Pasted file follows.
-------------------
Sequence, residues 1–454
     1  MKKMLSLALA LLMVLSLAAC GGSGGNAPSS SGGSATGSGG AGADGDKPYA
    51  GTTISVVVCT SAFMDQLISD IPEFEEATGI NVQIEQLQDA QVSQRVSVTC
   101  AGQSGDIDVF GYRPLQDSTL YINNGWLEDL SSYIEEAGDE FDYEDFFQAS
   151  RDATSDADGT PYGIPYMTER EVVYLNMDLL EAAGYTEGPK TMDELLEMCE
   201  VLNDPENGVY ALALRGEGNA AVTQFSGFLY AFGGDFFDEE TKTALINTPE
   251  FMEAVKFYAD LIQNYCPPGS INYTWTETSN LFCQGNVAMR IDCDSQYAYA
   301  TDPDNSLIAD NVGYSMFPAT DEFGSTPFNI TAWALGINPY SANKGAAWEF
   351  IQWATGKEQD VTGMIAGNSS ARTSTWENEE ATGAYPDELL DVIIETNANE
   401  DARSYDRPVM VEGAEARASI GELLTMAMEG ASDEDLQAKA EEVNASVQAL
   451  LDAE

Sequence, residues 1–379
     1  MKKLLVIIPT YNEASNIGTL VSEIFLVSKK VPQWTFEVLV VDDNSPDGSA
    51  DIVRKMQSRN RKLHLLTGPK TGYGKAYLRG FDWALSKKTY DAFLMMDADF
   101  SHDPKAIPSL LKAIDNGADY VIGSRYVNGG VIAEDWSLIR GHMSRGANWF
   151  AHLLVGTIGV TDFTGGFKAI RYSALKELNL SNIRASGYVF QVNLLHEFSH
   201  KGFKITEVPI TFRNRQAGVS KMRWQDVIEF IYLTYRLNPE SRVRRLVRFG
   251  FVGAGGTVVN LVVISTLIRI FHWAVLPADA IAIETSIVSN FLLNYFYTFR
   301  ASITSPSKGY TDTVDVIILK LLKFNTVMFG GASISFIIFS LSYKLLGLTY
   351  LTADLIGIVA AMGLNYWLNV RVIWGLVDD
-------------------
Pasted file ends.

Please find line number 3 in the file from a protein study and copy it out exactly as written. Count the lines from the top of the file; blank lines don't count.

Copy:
    51  GTTISVVVCT SAFMDQLISD IPEFEEATGI NVQIEQLQDA QVSQRVSVTC